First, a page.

Types of Basement Flooring
Bear in mind that you are not limited to just one of the following flooring types in the basement (for example, it might make sense to install ceramic tile in an entranceway and carpet in other areas).
- Carpet: Many homeowners choose carpet for their basement. Not only does the material feel extremely comfortable underfoot, but it also adds an additional layer of insulation to the floor.
- Surrounding the piping with crushed rock to help divert the water straight down.
- Vinyl and Linoleum: These two flooring options stand up well to heavy traffic as well as spills and stains. If you have pets and/or children, vinyl and linoleum are two of the better flooring options on the market.
- Wood Flooring: Few materials are more durable than hardwood or engineered wood flooring. Both come in a wide variety of wood species, colors, and sizes (thickness and width) to suit any decor.
- Ceramic Tile: Ceramic tiles are a fantastic choice for basements with radiant floor heating systems or other ambient heating elements such as a fireplace. Without one of these, however, ceramic tile installed above concrete tends to be cold underfoot.
Basement Flooring Considerations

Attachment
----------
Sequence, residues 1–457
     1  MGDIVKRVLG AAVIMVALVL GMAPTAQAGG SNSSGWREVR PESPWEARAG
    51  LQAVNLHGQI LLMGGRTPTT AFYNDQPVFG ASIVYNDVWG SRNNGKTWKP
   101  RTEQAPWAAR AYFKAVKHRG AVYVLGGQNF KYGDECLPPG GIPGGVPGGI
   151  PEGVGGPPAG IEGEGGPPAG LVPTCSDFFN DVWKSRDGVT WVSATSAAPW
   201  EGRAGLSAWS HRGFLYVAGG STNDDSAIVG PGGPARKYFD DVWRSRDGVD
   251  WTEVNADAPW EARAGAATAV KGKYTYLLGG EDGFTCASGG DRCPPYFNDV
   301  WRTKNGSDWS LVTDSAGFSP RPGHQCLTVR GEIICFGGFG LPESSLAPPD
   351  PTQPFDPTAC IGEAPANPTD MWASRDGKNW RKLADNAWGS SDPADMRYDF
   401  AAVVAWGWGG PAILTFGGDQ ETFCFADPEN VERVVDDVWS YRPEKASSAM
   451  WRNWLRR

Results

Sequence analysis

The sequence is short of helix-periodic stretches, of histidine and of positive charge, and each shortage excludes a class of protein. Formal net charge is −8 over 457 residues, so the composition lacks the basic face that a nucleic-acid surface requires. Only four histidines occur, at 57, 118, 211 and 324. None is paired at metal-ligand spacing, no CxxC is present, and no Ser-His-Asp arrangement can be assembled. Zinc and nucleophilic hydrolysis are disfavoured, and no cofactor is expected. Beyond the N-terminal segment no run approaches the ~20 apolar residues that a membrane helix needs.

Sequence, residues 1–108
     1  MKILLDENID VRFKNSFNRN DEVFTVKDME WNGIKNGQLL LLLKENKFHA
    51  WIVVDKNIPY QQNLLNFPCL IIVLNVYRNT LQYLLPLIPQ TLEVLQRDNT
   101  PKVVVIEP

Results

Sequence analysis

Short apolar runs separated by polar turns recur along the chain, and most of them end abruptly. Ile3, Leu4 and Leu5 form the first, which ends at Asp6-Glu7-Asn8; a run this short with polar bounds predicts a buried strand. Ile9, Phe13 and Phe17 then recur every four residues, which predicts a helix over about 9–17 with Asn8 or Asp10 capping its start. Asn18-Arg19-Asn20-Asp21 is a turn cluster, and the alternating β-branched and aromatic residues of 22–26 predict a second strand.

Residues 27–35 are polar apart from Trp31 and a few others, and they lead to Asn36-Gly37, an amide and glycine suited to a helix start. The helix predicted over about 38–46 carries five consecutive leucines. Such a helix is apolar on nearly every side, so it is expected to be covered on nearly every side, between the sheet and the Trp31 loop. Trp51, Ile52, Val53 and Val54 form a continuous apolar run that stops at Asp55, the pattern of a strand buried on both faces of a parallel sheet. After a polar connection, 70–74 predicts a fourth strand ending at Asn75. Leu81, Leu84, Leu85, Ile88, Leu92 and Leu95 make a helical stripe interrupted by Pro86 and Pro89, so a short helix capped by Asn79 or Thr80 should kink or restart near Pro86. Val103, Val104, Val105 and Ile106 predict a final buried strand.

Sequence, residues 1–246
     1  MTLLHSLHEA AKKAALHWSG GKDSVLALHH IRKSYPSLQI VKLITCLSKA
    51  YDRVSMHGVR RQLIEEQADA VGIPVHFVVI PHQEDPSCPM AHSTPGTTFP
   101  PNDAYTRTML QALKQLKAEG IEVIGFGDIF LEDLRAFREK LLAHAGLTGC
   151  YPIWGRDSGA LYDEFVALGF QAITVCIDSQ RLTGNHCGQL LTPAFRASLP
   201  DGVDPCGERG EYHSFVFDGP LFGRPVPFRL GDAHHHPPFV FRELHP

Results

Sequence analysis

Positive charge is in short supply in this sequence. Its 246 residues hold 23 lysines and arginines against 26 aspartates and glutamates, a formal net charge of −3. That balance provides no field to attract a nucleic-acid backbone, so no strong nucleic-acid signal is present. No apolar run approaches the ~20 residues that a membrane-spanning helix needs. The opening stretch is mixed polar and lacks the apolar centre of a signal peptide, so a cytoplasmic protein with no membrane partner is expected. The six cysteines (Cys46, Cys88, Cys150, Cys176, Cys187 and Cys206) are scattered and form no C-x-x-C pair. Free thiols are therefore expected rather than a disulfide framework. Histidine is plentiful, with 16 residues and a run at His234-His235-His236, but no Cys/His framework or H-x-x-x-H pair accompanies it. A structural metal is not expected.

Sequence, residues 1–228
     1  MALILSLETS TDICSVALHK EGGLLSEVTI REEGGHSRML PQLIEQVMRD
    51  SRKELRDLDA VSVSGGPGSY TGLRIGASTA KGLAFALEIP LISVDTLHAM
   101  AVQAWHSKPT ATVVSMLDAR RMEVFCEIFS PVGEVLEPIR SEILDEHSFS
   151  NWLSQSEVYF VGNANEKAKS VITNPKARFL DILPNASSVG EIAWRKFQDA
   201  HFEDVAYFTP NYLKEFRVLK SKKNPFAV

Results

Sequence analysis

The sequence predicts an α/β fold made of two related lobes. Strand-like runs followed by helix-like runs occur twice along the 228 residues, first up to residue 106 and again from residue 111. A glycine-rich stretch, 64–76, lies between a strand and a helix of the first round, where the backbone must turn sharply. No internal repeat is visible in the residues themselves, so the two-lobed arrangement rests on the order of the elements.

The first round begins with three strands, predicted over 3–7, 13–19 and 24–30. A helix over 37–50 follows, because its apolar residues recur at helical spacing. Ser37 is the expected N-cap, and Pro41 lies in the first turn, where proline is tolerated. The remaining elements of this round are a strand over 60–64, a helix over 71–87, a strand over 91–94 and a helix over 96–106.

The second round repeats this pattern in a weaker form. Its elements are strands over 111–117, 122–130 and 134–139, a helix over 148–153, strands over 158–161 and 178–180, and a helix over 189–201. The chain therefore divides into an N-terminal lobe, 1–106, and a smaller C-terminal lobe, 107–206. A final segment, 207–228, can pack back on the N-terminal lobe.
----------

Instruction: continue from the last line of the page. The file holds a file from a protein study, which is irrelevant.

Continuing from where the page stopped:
- Before a basement floor is installed, the basement should be dry and free of any leaks or moisture. If your basement has a problem with running or standing water, contact a basement waterproofing company.
- Chances are good that your subfloor is a concrete slab, which is porous and allows cold air and moisture in from the outside. Without proper insulation, most basement floors are uncomfortable to walk on. An un-insulated floor can also cause heating bills to skyrocket in the colder months.
- A number of underlayment products are available that create a barrier between the concrete and the floor. Another option is to build a wooden subfloor consisting of wood framing and plywood. In this scenario, wood effectively replaces concrete as the subfloor and provides additional insulation.
Basement Flooring Costs
- Carpet costs $4 to $12 per square foot, including installation, depending on the carpeting material and style.
- Expect vinyl and linoleum to cost $2 to $7 per square foot installed. Economic vinyl options are at the lower end of the spectrum, while high-end vinyl is the most expensive. Linoleum is a midrange product, costing between $3 and $5 per square foot.
- Hardwood flooring generally costs $6 to $20 per square foot with installation. The species and thickness of the wood play major roles in pricing.
- Engineered wood flooring is priced similarly to hardwood; expect to pay $6 to $20 per square foot installed.
- Installing a wood subfloor over an existing concrete slab will raise total costs by $500 to $1,000 according to the total square footage covered.
- Please note that actual prices will vary depending on the area of the country you live in.